Let’s make one thing clear about snoring: It’s not normal.
In fact, snoring can be a real health concern, primarily because it is one of the major signs of sleep apnea, a condition in which breathing repeatedly stops and starts during sleep and which may be connected to cardiac health issues. Sleep apnea is fairly common, occurring in about 30 percent of post-menopausal women and affecting approximately 3 to 5 percent of the population.
The good news is that sleep apnea is very treatable, and often surgery isn’t even required to get patients resting comfortably.
Diagnosing sleep apnea
Complaints from a bed partner that you’re snorting, gasping or seem to be pausing while you’re breathing are a good reason to schedule an appointment with your health care provider. One of the first questions he or she will likely ask is whether you find that you just can’t keep your eyes open when your day begins to slow down, perhaps while reading or watching TV. Daytime tiredness and morning headaches are also common signs of sleep apnea.
To make a diagnosis of sleep apnea, your physician will use a test called polysomnography, during which electrodes are attached to your skin in several places and monitors record your heart rate and breathing as you snooze in a sleep lab. Although polysomnography hasn’t changed much in the past 50 years, what has changed is the approach to sleep studies. Clinics and hospitals are working to make these studies less stressful, and most sleep labs now resemble hotel rooms. Some patients are even able to do a sleep study at home, with sensors collecting information that can be downloaded at the lab.
Higher heart disease risks
An accurate diagnosis is important because there are different types of sleep apnea.
Central sleep apnea (CSA) is different than obstructive sleep apnea (OSA). In CSA, the part of the brain that controls breathing and the drive to breathe isn’t working properly. You may have CSA, OSA or a mix of the two, and all have ties to other health problems.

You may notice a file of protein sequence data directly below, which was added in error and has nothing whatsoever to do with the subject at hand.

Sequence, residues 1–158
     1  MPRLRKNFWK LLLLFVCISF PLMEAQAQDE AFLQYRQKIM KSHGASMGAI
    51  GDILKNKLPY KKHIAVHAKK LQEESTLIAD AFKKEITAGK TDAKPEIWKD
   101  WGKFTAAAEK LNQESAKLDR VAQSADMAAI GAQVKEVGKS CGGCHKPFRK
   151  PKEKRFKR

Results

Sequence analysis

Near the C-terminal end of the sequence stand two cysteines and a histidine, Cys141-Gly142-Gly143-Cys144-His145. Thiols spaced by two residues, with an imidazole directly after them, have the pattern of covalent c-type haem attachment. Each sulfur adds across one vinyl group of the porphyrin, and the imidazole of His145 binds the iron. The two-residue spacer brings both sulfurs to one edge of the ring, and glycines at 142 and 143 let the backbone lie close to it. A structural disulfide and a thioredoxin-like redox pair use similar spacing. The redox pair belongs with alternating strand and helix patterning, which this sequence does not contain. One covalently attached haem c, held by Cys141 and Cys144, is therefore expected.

Untreated sleep apnea can put you in danger of diabetes and stroke. Treatment is proven to decrease morbidity and cardiac risk. These ties to cardiac health issues have made doctors much more aggressive about diagnosing and treating sleep apnea. In 2007, the results of a 10-year study suggested that people with moderate to severe untreated sleep apnea have a 2.5 times greater risk of stroke than the general population.
The potential cardiac issues are generally the same for men and women, although women are less affected by them if their sleep apnea is mild. It all comes down to a lack of oxygen in the blood, as well as potential damage to the heart and the lining of the coronary arteries.
If you’re diagnosed with sleep apnea, your physician will recommend treatment based on the severity of the condition, as well as other health issues:
- Continuous Positive Airway Pressure (CPAP), a machine used while you sleep to increase pressure in the airway, keeping it from closing during sleep
- Dental appliances that pull the bottom jaw forward to keep the airway open
- Surgery on the upper airway
Most sleep apnea patients respond well to sleep appliances like CPAP, but follow-up is key so doctors can troubleshoot for you and make it more comfortable.
Another emerging option for OSA is Inspire therapy, a small, fully implanted system that delivers mild stimulations to airway muscles to keep the airway open and which may be an option for people who can’t tolerate CPAP.
7 symptoms of sleep apnea
- Loud, ongoing snoring that is usually loudest when you’re sleeping on your back.
- Daytime sleepiness, especially during quiet moments
- Morning headaches
- Problems with memory and concentration
- Irritability or mood swings
- Waking up frequently to urinate
- Dry mouth or sore throat when you wake up
Source: National Heart, Lung, and Blood Institute